What price could some districts pay to reopen schools safely?

AASA COVID-19 task force calculates how much it could cost school systems to reopen on average and reveals some strategies K-12 leaders are considering to make up for the 'COVID slide'
By: | May 22, 2020
Photo by Ivan Aleksic on Unsplash

The cost of reopening school systems safely could require some districts to pay approximately $900 per student. Meanwhile, the accrued learning loss associated with online learning is leading some superintendents to consider resuming classes as early as July.

These revelations came during a weekly panel established by the AASA, The School Superintendents Association to provide solutions to the coronavirus crisis.

As these obstacles to safely reopening schools continue to rise, some parents are thinking of not sending their children back to school, the task force panel revealed. This would help districts meet the nearly $1,000 average price tag needed per student to reopen safely.

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In Maryland, a large percentage of parents at Montgomery County Public Schools indicated not feeling comfortable with sending their kids back to school and possibly keeping their children home, says Daniel A. Domenech, executive director of the AASA, a professional organization for more than 13,000 educational leaders in the U.S. “I’m hearing the same message from superintendents around the country.”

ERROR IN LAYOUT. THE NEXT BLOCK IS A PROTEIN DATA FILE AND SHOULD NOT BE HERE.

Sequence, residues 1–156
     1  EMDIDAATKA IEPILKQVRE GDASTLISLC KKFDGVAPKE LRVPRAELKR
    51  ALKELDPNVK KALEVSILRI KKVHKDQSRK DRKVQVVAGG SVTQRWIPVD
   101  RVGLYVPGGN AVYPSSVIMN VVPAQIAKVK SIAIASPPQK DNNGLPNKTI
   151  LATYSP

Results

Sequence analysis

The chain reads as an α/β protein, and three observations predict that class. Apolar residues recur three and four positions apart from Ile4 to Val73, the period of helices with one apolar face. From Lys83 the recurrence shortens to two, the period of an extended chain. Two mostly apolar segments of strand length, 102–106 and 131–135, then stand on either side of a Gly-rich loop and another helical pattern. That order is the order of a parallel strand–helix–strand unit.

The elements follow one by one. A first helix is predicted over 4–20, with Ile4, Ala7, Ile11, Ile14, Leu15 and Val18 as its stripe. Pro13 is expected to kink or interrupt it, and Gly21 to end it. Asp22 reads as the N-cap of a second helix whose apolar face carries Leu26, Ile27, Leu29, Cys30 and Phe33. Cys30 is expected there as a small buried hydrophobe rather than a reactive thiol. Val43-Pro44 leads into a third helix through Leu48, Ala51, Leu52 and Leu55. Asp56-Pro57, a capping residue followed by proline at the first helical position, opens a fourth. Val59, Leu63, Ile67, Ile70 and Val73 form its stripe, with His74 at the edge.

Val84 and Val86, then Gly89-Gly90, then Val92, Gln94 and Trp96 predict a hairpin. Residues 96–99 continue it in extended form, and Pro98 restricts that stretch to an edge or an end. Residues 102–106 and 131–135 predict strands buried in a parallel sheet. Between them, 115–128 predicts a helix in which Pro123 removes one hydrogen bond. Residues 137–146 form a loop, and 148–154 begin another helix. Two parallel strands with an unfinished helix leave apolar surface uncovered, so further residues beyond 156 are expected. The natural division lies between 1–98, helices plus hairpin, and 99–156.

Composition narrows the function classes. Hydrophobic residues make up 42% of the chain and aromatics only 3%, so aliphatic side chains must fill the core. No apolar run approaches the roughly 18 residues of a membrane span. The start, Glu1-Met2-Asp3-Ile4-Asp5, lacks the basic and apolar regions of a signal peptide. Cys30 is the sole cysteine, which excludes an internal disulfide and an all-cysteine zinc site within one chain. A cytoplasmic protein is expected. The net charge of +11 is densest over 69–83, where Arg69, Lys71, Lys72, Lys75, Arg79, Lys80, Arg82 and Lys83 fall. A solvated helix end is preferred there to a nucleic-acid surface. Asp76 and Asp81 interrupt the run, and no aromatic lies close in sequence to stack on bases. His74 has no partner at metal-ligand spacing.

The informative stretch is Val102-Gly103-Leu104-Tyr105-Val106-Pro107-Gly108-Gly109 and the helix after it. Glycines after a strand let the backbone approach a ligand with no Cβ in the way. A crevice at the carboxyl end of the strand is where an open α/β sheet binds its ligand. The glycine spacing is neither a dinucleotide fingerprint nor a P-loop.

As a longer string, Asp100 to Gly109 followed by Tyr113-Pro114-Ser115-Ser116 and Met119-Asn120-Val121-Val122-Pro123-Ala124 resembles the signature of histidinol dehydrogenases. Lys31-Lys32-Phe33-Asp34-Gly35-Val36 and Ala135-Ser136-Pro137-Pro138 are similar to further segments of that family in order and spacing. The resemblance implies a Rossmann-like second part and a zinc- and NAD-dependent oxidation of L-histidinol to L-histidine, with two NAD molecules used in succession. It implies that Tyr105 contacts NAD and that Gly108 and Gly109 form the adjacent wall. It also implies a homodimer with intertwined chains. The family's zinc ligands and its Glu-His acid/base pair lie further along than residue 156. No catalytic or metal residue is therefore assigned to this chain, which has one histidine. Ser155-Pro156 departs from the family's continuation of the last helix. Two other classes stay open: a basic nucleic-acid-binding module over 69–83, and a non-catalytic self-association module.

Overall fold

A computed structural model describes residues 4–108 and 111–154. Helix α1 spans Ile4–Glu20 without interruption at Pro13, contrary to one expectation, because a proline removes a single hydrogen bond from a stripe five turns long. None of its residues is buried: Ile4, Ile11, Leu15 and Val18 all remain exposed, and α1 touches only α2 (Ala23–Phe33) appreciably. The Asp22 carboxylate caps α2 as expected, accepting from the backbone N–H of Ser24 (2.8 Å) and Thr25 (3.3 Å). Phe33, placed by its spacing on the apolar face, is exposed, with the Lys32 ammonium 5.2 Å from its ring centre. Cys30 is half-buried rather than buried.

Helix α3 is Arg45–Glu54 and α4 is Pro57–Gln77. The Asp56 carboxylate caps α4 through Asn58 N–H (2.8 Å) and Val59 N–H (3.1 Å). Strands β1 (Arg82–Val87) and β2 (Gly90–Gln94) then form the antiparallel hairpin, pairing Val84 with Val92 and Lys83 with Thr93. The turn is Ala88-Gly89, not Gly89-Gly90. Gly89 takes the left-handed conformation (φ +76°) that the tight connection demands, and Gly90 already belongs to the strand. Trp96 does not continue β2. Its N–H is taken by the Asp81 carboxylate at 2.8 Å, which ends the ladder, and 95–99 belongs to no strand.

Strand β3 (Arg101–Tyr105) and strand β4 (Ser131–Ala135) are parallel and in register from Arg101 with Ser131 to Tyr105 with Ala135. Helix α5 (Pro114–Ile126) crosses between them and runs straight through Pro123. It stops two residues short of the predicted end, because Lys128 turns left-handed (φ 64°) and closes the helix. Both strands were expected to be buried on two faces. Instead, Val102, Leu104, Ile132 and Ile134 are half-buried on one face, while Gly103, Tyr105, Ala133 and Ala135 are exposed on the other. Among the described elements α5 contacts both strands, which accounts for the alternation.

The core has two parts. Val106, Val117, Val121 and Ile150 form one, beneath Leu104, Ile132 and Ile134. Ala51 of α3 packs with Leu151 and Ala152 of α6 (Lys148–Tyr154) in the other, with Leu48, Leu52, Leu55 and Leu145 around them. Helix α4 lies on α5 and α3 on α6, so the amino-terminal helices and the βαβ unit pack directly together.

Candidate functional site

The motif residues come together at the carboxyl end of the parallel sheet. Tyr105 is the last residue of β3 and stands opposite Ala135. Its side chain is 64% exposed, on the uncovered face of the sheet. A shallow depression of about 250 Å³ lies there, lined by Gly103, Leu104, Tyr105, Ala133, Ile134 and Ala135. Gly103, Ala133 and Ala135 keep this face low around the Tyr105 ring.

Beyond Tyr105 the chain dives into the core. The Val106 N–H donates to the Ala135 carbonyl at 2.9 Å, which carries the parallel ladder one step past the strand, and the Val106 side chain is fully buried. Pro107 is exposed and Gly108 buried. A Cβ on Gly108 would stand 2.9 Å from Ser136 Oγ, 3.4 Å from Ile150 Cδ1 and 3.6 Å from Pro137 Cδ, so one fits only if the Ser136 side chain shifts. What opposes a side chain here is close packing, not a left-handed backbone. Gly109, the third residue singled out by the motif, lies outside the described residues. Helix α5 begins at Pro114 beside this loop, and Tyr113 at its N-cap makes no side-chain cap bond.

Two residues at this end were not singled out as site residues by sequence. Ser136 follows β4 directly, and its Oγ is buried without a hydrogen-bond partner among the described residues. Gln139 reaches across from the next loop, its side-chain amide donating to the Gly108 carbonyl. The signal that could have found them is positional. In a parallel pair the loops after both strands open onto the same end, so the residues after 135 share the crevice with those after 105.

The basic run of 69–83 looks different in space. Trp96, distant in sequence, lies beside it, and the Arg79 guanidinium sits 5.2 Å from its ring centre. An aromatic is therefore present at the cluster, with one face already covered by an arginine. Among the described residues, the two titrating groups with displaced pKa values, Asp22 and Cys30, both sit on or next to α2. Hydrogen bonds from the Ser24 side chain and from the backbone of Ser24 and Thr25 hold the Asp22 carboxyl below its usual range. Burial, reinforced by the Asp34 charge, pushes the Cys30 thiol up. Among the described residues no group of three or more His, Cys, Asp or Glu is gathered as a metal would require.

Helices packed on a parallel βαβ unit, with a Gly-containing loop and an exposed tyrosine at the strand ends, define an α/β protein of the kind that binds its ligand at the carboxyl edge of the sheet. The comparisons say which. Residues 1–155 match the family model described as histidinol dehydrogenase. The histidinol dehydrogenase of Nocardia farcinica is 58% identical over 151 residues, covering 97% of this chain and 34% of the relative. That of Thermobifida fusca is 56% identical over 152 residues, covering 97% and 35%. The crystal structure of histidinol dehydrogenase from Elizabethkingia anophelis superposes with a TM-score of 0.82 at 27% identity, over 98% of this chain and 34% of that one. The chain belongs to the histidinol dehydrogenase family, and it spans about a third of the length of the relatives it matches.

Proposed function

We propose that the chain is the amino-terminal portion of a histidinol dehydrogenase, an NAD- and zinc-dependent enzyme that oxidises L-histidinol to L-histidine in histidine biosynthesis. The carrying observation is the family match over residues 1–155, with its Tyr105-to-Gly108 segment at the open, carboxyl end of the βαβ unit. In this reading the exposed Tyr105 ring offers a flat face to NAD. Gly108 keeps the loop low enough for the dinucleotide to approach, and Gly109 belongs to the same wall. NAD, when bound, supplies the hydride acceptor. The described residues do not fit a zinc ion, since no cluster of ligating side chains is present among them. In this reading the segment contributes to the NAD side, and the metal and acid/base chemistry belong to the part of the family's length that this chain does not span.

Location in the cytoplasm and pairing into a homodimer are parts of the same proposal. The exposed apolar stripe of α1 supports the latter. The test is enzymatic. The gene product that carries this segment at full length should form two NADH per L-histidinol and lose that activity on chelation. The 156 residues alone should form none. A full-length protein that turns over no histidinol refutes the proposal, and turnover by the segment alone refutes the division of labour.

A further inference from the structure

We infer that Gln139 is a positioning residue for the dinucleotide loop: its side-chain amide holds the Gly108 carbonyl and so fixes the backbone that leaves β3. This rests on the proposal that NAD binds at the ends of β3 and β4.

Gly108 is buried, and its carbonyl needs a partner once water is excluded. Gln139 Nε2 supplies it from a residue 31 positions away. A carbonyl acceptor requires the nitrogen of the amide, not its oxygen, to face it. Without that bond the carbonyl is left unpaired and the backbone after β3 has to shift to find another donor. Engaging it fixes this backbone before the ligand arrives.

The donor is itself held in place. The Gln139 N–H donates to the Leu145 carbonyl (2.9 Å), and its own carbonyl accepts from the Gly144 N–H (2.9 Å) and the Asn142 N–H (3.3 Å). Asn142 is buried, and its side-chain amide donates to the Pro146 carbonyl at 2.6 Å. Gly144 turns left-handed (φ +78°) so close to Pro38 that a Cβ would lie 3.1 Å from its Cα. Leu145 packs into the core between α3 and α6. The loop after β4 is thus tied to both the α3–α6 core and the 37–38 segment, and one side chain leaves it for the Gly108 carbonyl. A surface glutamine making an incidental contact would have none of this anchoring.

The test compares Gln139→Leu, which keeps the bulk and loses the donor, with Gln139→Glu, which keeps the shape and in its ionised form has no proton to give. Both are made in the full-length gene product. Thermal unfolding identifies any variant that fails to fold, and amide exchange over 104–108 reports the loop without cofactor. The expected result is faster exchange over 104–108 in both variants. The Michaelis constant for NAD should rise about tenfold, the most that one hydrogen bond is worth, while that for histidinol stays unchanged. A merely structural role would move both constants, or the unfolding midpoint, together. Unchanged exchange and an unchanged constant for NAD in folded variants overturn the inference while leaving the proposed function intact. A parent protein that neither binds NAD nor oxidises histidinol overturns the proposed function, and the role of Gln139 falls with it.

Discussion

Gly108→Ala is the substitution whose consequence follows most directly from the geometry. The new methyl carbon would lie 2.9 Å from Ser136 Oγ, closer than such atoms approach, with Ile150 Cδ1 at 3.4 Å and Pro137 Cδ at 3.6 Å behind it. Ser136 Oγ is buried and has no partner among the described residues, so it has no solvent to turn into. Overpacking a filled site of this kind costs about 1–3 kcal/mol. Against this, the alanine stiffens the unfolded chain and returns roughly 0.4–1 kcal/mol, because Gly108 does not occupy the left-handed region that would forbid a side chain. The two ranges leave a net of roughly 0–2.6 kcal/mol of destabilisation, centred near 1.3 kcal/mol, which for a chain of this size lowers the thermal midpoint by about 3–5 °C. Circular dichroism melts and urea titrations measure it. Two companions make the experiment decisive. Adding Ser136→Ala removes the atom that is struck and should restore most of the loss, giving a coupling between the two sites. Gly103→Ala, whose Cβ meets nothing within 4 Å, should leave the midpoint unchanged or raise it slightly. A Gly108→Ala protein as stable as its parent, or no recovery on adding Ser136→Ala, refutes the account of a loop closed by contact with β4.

Making up for learning loss

Aside from financial burdens, superintendents are considering year-round scheduling to make up for “the COVID slide,” since teaching would take place over the course of 12 months as opposed to 10. Another option includes reopening schools earlier than usual.

“The incident rates in some communities are very low and have been decreasing, which would allow some schools to adopt blended learning as early as July if the situation is appropriate,” says Domenech. “In these cases, schools could get a head start on gaining back the learning loss that occurred last quarter.”

Last week, the task force recommended that district leaders should not feel obligated to follow state legislation that requires their schools to reopen earlier than established safety guidelines recommend, though it was encouraged that leaders understand the legal implications involved in failing to comply.

Earlier, the task force concluded that the process of reopening schools should not occur until the summer or fall and that districts do not possess the necessary funds to implement policies that would keep students safe in school.

“Superintendents are trying to be as creative as possible,” says Domenech. “But they need to be, since they are trying to fit the square peg in a round hole.”

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